Even those property owners that remain skeptical of remotely enabled smart homes may have already taken big steps in this direction: Sophisticated security systems (which are monitored and managed remotely) have served as a nice segue into a more comprehensive scenario of building automation and smart home functionality.
Integrating the Grid Data
As I have stated here at Dashboard Insight and other venues, the Smart Grid is on the precipice of revolutionizing the entire energy supply chain for North America, granting to all interested parties a new transparency into the procurement and production of energy. As happens with all technology under a free-market system, collaboration will spawn innovation. Once the new age of Smart Grid installations gains momentum, buildings that are wired to the energy grid will be able to generate and store their energy in infinitely creative ways, with the end goal of being able to create their own energy from alternative sources such as solar, wind and man-powered energy apparatuses.
While there is a tremendous focus on how the energy of the future can be produced and stored in a clean and green fashion, there remains a limitless number of questions concerning the best way to accurately capture, integrate and take action on the data associated with these green and neoteric means of energy production. So far, I have yet to see any major software or utility company present a realistic (green-focused) data integration solution for the Smart Grid that would effectively service millions of energy users.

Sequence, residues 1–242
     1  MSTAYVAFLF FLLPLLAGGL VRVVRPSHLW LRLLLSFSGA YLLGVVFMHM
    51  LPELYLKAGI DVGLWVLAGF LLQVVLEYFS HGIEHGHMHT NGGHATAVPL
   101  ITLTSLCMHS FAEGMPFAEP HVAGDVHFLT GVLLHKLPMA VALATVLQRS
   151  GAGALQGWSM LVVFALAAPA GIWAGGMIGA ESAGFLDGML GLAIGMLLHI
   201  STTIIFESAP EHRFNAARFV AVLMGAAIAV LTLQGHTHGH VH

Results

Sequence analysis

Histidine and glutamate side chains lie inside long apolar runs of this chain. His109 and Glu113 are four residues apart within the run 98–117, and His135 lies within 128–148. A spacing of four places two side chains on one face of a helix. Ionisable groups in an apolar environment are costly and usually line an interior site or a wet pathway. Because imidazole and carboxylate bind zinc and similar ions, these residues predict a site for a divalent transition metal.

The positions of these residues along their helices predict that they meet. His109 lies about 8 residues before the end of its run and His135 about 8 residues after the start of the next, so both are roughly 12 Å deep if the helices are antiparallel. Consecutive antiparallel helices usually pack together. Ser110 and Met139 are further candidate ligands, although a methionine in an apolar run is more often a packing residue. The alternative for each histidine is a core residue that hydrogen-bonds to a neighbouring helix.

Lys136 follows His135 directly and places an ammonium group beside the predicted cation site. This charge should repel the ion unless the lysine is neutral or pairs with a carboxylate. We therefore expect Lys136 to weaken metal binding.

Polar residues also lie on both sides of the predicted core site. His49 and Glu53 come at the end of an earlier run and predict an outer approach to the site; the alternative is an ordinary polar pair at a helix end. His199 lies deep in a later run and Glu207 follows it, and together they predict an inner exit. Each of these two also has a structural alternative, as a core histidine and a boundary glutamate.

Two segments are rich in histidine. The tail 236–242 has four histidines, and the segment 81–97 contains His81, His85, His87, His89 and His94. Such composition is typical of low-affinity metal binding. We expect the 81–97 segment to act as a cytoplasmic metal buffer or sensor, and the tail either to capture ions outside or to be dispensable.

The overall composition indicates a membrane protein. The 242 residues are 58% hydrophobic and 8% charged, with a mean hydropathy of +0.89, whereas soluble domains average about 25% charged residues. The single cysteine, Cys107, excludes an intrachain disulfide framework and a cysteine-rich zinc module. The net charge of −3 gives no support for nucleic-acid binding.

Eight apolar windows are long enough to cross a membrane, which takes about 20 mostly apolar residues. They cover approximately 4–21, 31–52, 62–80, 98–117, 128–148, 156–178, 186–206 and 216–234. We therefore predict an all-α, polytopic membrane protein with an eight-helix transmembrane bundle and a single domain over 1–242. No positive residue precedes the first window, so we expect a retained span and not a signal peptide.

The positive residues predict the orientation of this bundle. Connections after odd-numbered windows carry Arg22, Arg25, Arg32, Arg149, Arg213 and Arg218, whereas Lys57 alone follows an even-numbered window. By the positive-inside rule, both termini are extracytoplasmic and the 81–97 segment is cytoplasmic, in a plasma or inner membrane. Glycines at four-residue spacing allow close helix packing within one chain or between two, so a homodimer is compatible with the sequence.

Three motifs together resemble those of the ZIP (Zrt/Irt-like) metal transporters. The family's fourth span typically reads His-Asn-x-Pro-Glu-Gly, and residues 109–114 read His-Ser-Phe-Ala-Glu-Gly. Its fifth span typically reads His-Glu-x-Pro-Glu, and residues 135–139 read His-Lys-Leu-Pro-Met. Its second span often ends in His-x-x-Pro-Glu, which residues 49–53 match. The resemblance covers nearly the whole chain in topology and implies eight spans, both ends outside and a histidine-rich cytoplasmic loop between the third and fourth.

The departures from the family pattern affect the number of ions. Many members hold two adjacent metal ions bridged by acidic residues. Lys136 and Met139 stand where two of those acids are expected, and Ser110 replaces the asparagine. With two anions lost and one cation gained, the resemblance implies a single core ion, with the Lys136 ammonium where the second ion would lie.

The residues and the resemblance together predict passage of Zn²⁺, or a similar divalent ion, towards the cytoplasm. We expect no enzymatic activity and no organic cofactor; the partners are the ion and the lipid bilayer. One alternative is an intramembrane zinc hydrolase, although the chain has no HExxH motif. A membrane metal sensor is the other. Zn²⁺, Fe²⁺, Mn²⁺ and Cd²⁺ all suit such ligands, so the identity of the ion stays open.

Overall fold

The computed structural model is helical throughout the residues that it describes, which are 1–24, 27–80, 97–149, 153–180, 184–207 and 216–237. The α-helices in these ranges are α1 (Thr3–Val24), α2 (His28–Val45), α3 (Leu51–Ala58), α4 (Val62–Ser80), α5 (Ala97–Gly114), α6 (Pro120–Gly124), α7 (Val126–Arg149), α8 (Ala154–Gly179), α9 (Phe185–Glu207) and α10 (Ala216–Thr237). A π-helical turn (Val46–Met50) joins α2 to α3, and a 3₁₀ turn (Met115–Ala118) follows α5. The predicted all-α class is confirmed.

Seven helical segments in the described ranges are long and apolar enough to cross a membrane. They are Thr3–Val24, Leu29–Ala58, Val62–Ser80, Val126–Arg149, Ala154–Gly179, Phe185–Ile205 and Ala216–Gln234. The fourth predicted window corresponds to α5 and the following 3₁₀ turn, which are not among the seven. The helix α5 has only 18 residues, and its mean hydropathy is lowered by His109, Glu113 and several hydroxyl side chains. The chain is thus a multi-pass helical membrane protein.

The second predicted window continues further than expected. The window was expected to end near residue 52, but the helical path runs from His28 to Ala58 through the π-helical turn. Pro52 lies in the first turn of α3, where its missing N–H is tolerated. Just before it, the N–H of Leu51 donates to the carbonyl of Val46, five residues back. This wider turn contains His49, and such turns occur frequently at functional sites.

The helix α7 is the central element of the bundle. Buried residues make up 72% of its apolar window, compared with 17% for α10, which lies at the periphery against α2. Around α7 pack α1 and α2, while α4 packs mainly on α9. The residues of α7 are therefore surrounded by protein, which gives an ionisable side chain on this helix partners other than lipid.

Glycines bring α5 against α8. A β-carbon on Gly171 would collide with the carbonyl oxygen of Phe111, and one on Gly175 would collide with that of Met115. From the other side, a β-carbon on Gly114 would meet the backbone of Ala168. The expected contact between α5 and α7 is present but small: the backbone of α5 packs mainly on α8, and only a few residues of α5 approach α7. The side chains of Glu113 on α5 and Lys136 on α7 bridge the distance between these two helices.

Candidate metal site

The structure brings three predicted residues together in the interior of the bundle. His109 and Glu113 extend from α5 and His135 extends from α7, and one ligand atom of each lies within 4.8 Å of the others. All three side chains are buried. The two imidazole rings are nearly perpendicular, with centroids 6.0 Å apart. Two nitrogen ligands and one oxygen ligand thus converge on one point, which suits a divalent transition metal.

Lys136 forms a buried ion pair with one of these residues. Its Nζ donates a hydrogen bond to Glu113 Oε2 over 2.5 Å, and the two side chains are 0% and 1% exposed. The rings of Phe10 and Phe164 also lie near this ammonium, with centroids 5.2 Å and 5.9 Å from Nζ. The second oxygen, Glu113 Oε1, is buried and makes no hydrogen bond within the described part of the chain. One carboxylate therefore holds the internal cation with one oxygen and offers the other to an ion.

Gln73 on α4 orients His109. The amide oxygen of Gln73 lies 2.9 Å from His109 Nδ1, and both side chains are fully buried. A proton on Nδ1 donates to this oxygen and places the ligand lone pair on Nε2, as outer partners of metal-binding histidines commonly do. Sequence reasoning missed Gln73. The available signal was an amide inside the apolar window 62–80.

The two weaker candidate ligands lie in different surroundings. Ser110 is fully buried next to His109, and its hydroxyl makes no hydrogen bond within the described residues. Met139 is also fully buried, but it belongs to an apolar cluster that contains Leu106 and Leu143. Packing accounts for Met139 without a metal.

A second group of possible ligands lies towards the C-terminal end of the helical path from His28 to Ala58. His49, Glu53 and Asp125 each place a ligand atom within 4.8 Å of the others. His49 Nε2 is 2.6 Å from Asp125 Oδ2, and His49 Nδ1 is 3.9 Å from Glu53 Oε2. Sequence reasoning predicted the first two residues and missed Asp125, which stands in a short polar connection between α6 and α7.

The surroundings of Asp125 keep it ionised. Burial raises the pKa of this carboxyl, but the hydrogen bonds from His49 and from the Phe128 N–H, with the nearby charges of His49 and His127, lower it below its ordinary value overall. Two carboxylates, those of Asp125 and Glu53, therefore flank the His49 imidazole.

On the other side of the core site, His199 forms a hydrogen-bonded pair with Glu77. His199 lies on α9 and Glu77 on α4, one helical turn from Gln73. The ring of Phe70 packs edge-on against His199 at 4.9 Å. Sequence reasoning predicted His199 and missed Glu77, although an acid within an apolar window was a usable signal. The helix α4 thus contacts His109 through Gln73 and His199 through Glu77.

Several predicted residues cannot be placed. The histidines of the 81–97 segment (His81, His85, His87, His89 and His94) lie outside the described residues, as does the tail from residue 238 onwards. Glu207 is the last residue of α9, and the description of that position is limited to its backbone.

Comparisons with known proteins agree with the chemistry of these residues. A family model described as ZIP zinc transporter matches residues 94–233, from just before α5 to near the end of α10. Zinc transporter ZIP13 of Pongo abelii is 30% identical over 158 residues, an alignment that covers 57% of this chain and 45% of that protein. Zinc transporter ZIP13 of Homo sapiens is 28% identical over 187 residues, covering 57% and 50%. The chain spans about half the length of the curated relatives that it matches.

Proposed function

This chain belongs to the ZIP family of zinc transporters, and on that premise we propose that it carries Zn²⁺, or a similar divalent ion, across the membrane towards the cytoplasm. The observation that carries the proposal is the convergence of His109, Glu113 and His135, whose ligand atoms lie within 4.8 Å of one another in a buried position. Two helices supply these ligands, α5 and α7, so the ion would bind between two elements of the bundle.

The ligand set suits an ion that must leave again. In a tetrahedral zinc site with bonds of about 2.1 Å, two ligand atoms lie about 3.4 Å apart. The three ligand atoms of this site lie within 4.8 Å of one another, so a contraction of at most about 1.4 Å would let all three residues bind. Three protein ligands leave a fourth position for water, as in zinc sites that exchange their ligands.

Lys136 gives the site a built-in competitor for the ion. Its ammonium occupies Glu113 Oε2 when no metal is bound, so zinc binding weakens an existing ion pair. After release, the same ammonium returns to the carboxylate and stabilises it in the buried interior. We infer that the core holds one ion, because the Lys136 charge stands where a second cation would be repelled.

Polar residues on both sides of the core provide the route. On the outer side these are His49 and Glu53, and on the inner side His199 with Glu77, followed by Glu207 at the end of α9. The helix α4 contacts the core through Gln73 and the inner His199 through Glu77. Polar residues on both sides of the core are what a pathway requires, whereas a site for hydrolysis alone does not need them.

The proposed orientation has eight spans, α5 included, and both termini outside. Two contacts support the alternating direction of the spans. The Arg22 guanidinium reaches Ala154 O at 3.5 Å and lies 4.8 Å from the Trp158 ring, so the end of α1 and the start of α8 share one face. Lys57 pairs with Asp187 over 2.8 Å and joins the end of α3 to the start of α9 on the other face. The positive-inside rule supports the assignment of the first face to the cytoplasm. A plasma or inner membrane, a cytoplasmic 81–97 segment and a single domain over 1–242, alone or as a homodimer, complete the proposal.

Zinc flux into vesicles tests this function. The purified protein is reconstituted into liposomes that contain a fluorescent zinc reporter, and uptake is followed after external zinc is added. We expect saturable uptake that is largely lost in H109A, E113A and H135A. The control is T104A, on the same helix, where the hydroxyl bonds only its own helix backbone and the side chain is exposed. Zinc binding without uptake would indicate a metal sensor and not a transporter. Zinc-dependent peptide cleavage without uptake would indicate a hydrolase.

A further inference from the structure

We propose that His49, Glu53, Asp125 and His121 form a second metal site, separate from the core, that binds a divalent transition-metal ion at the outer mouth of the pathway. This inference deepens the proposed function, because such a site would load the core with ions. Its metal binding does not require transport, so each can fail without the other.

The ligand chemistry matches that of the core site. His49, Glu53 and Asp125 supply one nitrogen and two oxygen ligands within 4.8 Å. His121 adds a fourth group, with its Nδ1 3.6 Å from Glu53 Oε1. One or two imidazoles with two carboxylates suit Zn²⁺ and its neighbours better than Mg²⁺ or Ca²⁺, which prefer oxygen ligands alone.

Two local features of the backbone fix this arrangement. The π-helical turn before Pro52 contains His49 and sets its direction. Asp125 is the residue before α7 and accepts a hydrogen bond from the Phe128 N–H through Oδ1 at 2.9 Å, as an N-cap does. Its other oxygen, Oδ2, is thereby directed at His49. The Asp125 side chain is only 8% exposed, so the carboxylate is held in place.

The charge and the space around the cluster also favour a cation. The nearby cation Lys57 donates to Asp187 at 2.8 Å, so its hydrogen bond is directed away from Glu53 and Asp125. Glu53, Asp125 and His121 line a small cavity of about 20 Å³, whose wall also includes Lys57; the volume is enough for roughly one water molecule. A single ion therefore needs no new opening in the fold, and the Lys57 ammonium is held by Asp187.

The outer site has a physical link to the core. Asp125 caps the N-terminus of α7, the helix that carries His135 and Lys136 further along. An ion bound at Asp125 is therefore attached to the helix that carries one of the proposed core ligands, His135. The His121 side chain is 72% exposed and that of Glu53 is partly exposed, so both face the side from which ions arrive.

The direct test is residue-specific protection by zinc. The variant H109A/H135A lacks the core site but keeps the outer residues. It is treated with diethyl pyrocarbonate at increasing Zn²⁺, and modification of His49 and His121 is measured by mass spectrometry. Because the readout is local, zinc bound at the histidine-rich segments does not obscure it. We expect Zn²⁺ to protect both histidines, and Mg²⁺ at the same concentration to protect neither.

Eventually, all-encompassing Smart Grid data systems will scale up to serve all the interconnected business and residential dwellings of each First-world megalopolis; however, we are not quite there yet. On a positive note, there are a multitude of Smart Grid dashboards that are being pushed out to market by large and small makers of business software. (A Google search of "smart grid dashboard" produces more than 100,000 results, as of September 2010.) But from a mass implementation perspective, Smart Grid systems are still firmly in their infancy. In the next 12 months, I am looking forward to some thought leadership from some of the big players in data integration (IBM, Microsoft, SAS, etc.) about their plans and views on how to best handle the issues surrounding the capture, storage, distribution and mining of Smart Grid data, especially when green energy production is involved.
About the Author
William Laurent is one of the world's leading experts in information strategy and governance. For 20 years, he has advised numerous businesses and governments on technology strategy, performance management, and best practices�across all market sectors. William currently runs an independent consulting company that bears his name. In addition, he frequently teaches classes, publishes books and magazine articles, and lectures on various technology and business topics worldwide. As Senior Contributing Author for Dashboard Insight, he would enjoy your comments at firstname.lastname@example.org
Copyright 2010 - Dashboard Insight - All Rights Reserved.